The Knox County Health Department (KCHD) has trapped and confirmed more mosquitoes with the West Nile Virus than ever before.
That coupled with the increase in deaths from the virus in nearby states has caused health officials to make sure they are ahead of the bite.
Ronnie Nease is the Environmental Health Director for the Knox County Healthy Department. He uses fish and traps to kill off the West Nile carrying insect.
At a pond off Timothy Street in East Knoxville, the county added Gambusia fish years ago. They help keep the mosquito population down by eating the larvae.
"They are very aggressive and multiply," said Nease, "And they mess with the native fish. So, we are very careful where we put them."
Just down the road near the zoo, KCHD has one of more than a dozen traps set out to catch mosquitoes.
Nease explained, "We do trap adult mosquitoes, but the females are the only ones that will bite you."
Health officials change the nets three times a week, put the mosquitoes in a bag, sort them at KCHD, and send them off to a state lab for virus testing.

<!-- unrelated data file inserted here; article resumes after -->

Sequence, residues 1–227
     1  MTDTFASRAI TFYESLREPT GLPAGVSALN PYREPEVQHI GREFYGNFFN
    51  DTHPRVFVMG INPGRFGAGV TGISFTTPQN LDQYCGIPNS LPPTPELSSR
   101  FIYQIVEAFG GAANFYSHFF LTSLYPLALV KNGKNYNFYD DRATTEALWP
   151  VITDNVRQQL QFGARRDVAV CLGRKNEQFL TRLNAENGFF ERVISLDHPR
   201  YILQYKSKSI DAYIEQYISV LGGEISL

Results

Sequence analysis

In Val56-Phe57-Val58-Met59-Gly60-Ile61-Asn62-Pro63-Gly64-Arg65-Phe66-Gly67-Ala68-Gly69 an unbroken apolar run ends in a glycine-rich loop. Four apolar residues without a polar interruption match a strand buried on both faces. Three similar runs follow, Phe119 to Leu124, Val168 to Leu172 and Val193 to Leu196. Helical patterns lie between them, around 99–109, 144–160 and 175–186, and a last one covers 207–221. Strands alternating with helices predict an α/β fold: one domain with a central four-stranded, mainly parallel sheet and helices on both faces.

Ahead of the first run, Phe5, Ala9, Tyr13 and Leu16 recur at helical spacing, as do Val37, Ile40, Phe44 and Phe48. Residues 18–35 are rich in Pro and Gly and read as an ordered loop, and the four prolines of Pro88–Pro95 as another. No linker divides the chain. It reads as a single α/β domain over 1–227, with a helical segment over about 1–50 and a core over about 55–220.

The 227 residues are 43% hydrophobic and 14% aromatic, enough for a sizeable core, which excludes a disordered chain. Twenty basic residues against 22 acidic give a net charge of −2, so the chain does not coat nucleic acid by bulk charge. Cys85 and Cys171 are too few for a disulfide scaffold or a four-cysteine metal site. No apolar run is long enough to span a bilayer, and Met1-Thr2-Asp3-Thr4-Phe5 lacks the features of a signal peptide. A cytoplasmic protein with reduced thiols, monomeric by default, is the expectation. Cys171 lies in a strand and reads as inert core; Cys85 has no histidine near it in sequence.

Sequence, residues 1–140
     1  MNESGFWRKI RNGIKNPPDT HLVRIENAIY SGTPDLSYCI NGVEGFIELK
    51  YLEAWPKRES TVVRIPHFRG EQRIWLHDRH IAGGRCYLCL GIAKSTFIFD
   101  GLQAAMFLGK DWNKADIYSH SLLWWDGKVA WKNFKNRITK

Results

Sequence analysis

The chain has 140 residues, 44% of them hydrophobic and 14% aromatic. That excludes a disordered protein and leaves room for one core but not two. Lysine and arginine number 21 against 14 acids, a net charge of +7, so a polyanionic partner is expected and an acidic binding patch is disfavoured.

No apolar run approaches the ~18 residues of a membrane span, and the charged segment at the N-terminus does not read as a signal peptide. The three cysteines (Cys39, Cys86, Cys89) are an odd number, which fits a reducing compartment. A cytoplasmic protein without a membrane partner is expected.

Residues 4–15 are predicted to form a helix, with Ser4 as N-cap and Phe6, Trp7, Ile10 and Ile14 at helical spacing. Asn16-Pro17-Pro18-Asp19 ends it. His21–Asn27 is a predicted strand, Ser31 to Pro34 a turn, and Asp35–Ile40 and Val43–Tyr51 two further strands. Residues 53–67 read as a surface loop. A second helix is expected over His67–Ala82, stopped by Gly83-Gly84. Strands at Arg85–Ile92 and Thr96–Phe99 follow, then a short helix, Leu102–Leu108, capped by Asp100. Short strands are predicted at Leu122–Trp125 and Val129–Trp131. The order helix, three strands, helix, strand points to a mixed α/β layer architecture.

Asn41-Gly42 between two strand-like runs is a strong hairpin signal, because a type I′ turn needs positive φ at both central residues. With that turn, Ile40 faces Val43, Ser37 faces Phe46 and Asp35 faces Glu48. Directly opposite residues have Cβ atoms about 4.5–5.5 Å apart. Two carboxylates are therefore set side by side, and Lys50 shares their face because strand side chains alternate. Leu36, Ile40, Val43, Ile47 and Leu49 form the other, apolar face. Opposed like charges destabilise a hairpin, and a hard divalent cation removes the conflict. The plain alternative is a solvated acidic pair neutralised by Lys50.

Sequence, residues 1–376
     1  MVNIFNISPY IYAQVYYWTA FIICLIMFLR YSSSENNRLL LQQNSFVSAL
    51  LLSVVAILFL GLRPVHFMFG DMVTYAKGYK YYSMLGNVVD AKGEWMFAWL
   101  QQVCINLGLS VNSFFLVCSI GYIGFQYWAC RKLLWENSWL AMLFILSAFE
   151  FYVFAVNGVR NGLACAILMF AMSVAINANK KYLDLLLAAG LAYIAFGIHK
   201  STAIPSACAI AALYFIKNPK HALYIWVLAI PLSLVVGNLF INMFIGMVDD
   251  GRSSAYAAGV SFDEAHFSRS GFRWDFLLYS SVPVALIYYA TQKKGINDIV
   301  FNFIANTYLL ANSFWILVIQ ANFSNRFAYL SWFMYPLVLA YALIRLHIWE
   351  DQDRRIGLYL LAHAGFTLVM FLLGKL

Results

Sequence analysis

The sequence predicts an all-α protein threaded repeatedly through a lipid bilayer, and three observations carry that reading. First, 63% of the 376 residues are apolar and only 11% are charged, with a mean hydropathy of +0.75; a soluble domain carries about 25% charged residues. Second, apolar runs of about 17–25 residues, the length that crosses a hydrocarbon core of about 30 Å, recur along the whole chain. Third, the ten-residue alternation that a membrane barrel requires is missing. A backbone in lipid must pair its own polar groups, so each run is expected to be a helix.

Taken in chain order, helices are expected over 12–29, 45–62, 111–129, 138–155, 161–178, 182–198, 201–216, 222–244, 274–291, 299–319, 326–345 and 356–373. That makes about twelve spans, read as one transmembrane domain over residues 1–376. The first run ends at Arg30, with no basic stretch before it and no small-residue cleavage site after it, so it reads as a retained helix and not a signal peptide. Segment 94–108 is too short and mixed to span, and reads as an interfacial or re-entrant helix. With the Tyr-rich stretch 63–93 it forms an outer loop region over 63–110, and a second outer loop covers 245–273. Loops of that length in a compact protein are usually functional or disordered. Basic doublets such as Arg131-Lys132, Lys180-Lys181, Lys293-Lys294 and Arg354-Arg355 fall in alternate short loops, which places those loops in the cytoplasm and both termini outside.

This summer, the highest number of mosquitoes carrying the West Nile Virus came back to their office.
There are six areas of concern, but Nease says you should not be afraid, "Everyone needs to be concerned, but not afraid. It's (West Nile Virus) always here and always will be here. So, we just need to be aware of it and wear your repellant."
"The county is taking a preventative measures," said Knox County Mayor Tim Burchett, "It's good to be on the front end before someone gets sick."
Mayor Burchett is behind KCHD in the dollars they spend to tackle the insects now during the height of the bite.
KCHD also urges everyone to take a look at their property and get rid of standing water.
If you have concerns about your property or your neighbors in regards to pooling water in Knox County, call 865-215-5200.
Click here to find out which six areas KCHD will re-spray this Thursday and Sunday.